Here’s what I found:
So, of the nine counties I analyzed, Cook County is the second highest when it comes to income inequality between the poor and the middle class.
Champaign county beats us pretty squarely, however, with an income ratio of 5.11. The lowest are Macon and DuPage counties, who are even more equal than the state of Utah when it comes to income ratio.
The study calls into question a couple of ideas we take for granted in society today–that being a teen mom makes you poor, and that we can fix the problem of teen births through strategies like contraception and sex education.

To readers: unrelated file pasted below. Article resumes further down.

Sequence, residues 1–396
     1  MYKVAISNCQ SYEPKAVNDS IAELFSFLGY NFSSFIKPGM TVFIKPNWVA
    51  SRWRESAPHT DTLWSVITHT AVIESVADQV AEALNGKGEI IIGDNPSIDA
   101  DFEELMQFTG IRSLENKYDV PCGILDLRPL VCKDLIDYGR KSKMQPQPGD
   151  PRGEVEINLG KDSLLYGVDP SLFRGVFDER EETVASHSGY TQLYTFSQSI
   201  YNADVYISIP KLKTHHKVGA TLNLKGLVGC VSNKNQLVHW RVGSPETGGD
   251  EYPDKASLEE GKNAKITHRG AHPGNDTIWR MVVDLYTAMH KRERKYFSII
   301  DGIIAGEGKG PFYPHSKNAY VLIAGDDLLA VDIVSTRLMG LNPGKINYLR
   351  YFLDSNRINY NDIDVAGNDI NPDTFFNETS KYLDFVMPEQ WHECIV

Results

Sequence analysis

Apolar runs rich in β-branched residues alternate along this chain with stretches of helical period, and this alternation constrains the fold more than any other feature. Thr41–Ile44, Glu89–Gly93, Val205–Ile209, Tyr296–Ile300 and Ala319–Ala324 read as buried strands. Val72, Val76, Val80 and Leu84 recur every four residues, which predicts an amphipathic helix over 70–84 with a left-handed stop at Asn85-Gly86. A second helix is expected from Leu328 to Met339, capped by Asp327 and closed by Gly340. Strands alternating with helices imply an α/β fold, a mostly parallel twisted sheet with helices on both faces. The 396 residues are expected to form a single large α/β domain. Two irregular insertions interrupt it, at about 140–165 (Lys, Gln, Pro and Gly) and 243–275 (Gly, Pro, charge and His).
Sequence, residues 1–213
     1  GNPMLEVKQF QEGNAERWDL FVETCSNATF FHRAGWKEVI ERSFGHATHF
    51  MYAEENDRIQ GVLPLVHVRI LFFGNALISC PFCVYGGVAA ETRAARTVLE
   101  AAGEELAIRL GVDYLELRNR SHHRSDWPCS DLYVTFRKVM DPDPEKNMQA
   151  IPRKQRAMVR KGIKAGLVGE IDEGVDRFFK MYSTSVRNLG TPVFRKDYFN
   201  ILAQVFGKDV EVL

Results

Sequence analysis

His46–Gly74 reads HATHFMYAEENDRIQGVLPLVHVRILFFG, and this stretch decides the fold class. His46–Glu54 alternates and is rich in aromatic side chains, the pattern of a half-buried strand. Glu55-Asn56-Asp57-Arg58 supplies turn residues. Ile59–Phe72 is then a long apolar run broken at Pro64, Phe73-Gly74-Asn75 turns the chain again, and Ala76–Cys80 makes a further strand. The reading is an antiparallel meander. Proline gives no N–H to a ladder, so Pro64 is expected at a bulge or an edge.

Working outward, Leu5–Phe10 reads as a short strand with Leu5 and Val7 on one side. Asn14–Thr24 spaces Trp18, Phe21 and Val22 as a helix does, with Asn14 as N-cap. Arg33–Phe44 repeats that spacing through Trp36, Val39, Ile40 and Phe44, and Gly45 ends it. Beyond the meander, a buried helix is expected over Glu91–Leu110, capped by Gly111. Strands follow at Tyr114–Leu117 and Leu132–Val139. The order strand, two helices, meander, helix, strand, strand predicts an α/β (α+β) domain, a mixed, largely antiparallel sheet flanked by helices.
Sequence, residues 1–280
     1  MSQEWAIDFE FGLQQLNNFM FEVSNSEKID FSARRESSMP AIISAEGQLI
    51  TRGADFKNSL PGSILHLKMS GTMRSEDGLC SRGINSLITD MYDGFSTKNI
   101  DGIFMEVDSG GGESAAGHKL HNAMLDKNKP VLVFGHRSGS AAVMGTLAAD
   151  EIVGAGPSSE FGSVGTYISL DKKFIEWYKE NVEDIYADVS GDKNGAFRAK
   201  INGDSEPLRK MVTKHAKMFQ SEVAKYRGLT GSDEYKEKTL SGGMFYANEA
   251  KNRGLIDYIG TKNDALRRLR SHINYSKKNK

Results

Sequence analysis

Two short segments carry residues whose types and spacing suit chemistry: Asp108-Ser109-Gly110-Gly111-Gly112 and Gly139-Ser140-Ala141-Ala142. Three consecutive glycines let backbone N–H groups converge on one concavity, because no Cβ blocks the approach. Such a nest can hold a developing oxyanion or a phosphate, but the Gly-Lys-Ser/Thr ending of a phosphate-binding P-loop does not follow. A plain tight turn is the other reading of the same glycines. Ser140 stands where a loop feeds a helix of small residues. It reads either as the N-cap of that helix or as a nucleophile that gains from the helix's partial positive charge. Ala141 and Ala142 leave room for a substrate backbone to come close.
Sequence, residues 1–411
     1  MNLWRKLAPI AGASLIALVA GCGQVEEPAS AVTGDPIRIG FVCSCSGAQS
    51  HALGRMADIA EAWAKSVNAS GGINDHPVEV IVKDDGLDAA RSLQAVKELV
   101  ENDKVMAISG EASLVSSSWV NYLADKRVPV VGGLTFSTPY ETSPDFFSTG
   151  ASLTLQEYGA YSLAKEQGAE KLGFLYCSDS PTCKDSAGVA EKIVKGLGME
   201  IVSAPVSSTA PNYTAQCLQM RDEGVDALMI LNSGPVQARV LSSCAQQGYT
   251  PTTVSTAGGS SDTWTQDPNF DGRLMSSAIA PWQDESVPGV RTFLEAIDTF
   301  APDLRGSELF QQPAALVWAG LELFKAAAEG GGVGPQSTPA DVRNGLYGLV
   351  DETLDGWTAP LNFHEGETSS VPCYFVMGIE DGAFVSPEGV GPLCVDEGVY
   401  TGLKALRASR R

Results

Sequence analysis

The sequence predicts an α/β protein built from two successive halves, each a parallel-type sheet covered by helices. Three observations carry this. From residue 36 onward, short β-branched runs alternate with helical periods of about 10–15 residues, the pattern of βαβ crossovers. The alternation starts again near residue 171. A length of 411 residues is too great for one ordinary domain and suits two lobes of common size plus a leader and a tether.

First, the idea that having a baby while she’s a teen sets a young woman up for a life of poverty has been shot down by research.
Kearney and Levine’s paper points to research that shows that young women who get pregnant and miscarry have just as bleak of economic outcomes as those who carry their child to term.
Second, additional research they’ve done has shown the expansion of family planning services within Medicaid has had a positive impact on lowering teen pregnancy, but it has made only a small difference.
“For policies like those to work, girls need to want to avoid becoming pregnant,” said Kearney.